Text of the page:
Tuesday, April 23, 2013

Brocade certifications, with spotlight on the BCNE and BCNP

If you are coming from the wild east, chances are you have problems with paying loads for certification exams: a CCNP can easily cost 3 times $150. And if your company doesn't pay for it, but instead it comes out of your lunch money, this can hurt. Been there, done that, wasn't funny.

Good news is, more networking vendors are starting on the "fast-track" course, providing you with short and cheap options to migrate your CCNA to their gear. Brocade is no exception, and they are still running the course, where you get BCNE training+exam for $100. I even blogged about this a while back.

Brocade has two levels of certifications: Accreditation and Certification.
Accreditation exams include the IP Specialis (BAIS), the Campus Networking Specialist (BACNS), WLAN Specialist and my new favorite, the Physical Security Specialist, which I consider a fresh, new and actually useful thing. These are basically web-based exams for $20. Fair enough.

Certification exams are the usual drill: proctored by Pearson VUE, multiple choice and they cost $150. Here comes the good part again: once you have a few of accreditations, you could join the various Brocade certification groups on LinkedIn; I assume you're already a member and all. Now this is where things happen: sometimes you can get deals on certification exams. So far I managed to get all 3 of my certs for free (with 4th possibly on the way), which I consider fairly cheap. Also, the guys are fairly helpful if you need help with your exams.

Training material: Brocade University runs some free web courses, and free assessment tests for the certification exams. Other goodies include "Nutshell" study guide PDFs and documents on the MyBrocade pages. Also recommended is the old Foundry mailing list, and possibly picking up an old FWS24 on eBay, as they are dirt cheap and decent boxes.

Disclaimer: yes, this has been a partially sponsored post, but it's good for you, so it's okay.

Sunday, April 14, 2013

Resilient backbone with stacked 3Com 4050 and D-Link DGS-3324SR

As part of our network resiliency project, we decided to deploy a redundant trunk connection between the main and secondary server rooms. The main room houses our core 3Com 4050 cluster, and the secondary has a pair of D-Link DGS-3324SR boxes. Both of them support multi-chassis trunking, which is very nice of them.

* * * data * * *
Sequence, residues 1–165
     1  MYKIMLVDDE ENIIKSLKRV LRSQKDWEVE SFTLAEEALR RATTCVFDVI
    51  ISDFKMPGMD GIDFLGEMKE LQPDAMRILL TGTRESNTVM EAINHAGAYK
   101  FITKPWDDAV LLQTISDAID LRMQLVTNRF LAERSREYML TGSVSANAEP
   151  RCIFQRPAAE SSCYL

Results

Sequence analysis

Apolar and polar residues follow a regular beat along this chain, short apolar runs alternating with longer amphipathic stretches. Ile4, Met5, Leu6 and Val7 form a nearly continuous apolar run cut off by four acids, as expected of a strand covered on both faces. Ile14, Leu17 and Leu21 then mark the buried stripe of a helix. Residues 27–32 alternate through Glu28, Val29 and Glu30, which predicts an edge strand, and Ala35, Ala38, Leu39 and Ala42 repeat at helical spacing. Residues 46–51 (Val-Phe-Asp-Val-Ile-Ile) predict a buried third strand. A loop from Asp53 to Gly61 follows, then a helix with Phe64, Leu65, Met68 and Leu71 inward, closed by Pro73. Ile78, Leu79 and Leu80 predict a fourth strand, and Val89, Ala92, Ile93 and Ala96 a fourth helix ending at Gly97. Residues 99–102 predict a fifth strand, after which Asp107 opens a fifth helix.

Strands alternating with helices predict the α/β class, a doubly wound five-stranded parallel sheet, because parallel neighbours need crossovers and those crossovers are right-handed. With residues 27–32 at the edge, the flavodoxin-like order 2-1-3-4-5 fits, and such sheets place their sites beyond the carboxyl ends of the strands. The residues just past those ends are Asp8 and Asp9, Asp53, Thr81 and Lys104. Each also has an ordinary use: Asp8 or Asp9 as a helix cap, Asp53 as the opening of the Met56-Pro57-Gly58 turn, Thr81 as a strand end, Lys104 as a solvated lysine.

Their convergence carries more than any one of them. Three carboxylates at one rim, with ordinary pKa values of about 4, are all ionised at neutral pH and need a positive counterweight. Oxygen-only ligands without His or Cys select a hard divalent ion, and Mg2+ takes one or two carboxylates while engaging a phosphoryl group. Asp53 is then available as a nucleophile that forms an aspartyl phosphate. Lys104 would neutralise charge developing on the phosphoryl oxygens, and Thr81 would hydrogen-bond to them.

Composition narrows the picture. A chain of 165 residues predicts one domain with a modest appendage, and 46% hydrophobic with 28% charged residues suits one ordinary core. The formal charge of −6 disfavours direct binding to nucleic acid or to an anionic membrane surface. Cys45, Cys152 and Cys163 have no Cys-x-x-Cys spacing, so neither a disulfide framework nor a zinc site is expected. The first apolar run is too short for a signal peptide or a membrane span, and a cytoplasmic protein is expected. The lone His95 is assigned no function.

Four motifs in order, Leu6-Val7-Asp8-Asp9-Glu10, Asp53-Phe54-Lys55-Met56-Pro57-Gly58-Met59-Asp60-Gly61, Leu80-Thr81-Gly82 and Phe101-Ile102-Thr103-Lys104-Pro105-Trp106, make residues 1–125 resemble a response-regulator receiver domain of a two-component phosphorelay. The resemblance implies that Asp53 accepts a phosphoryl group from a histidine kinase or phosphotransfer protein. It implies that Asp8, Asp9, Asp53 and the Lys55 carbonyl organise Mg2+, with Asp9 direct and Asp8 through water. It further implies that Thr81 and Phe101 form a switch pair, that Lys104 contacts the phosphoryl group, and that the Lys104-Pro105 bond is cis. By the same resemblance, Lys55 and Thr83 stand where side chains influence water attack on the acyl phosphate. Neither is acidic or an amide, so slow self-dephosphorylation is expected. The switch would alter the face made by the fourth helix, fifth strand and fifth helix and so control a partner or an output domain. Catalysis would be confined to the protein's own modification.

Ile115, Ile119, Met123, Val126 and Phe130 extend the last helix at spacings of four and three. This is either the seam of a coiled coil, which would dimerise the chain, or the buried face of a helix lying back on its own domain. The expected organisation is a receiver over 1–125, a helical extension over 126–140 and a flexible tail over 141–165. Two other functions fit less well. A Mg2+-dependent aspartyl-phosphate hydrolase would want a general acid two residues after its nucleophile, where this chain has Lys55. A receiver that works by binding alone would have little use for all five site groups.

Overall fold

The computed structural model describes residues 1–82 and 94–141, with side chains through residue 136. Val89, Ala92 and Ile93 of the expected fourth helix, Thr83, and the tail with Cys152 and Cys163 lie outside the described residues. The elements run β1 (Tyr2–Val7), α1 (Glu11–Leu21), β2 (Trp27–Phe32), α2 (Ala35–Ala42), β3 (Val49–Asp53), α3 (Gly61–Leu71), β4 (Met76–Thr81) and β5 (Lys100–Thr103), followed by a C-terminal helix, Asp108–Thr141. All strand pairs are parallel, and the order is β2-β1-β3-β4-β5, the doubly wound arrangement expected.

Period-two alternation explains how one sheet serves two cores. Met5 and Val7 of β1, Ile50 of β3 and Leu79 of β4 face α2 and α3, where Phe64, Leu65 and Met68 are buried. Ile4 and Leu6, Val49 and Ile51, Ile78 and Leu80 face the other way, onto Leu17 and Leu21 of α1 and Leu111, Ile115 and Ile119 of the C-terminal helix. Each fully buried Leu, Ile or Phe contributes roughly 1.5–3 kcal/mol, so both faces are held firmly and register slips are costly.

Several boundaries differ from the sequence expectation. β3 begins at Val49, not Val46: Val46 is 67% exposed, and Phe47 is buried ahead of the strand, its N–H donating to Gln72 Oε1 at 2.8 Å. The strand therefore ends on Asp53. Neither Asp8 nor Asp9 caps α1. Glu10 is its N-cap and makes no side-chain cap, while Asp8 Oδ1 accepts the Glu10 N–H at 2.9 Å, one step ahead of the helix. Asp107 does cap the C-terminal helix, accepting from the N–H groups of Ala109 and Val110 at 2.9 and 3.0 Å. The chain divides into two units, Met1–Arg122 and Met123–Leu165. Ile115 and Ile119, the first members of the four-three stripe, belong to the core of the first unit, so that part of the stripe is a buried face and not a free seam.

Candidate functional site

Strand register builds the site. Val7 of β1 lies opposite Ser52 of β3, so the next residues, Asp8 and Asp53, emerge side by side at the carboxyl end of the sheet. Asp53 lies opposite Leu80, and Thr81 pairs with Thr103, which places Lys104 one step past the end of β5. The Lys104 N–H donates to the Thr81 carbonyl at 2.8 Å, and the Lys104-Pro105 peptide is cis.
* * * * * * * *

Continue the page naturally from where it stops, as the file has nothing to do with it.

3Com 4050 clustering

The 40x0 series supports the 3Com XRN stack technology, which can be implemented for long-distance on a GBIC, or short-distance with an XRN fabric module (which we use). Here comes the XRN fabric FAQ:

  • The fabric bandwidth is 8Gbps;
  • Link aggregation (trunking) uses IP-based hashing, or falls back to MAC-based hashing. It's not configurable;
  • Distributed link aggregation has "Intelligent Local Forwarding": it tries to avoid using the fabric link if possible. If a frame was received on switch1, it'll use a link aggregation member link on switch1, not on switch2. This can lead to some asymmetric traffic flows.
When building the stack, you're best off with the new member reset to factory defaults. I actually had to reset both members, as I had some issues when entering the Bridge/Vlan menu, and it crashed both CLI and GUI. I had the same issue with some 3Com 4400 stacks.

D-Link DGS-3324SR cluster

This platform supports clustering more than 2 switches, using HDMI-like stacking cables. You can use linear or loop topology. Stack bandwidth is 10Gbps.
Multi-chassis aggregation is supported, I just had some issues with the 'traffic segmentation' feature. The GUI only reported "error", the CLI was more helpful. Traffic distribution can be configured system-wide for a combination of MAC/IP, source/destination/source+destination. No such thing as the 'ILF' on the 3Com, traffic will leave the ports based on the hash.

Plugging in the wires

Both switches support LACP and static, I went with static. I had some RSTP issues earlier between them, so vlan1 untagged on both sides is a must, even if you use something else as the management vlan. I even managed to achieve extra redundancy by not using the same 8 core fiber for both connections, but routed one of them through another building.


The 3Com provides an SNMP object for the XRN fabric interfaces, so you can monitor the bandwidth of the stack link (no such thing on the DGS), but it won't provide an SNMP object for the aggregated AL1-13 interfaces. MRTG can be configured to do basic arithmetic, so you can measure the bandwidth of multiple aggregated links together.